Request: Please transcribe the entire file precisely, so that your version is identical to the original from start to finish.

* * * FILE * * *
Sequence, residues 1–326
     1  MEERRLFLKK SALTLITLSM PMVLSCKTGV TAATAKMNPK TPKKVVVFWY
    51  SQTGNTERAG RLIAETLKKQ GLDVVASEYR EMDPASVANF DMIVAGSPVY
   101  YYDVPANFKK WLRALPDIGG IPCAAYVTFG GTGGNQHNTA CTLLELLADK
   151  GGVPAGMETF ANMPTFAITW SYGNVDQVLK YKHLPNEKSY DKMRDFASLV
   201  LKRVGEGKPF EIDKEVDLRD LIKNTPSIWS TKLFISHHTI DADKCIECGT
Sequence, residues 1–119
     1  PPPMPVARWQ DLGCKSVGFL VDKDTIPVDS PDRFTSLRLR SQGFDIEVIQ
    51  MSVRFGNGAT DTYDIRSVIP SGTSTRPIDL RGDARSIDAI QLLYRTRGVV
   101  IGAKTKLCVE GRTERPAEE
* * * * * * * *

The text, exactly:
Sequence, residues 1–326
     1  MEERRLFLKK SALTLITLSM PMVLSCKTGV TAATAKMNPK TPKKVVVFWY
    51  SQTGNTERAG RLIAETLKKQ GLDVVASEYR EMDPASVANF DMIVAGSPVY
   101  YYDVPANFKK WLRALPDIGG IPCAAYVTFG GTGGNQHNTA CTLLELLADK
   151  GGVPAGMETF ANMPTFAITW SYGNVDQVLK YKHLPNEKSY DKMRDFASLV
   201  LKRVGEGKPF EIDKEVDLRD LIKNTPSIWS TKLFISHHTI DADKCIECGT
Sequence, residues 1–119
     1  PPPMPVARWQ DLGCKSVGFL VDKDTIPVDS PDRFTSLRLR SQGFDIEVIQ
    51  MSVRFGNGAT DTYDIRSVIP SGTSTRPIDL RGDARSIDAI QLLYRTRGVV
   101  IGAKTKLCVE GRTERPAEE